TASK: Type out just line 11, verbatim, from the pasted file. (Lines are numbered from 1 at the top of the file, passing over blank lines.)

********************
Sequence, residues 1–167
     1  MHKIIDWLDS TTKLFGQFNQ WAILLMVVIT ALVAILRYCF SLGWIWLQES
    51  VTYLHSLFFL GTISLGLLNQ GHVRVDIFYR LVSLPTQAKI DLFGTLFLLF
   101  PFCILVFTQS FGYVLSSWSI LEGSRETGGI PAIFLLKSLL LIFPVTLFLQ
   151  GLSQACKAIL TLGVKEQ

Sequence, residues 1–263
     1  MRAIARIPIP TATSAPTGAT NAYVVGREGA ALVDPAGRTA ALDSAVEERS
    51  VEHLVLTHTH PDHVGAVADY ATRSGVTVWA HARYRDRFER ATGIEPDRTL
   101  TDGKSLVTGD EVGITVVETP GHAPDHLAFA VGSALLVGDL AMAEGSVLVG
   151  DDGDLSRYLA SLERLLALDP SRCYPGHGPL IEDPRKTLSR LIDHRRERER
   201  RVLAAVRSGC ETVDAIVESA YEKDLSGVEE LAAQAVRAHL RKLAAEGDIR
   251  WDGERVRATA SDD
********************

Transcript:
   201  RVLAAVRSGC ETVDAIVESA YEKDLSGVEE LAAQAVRAHL RKLAAEGDIR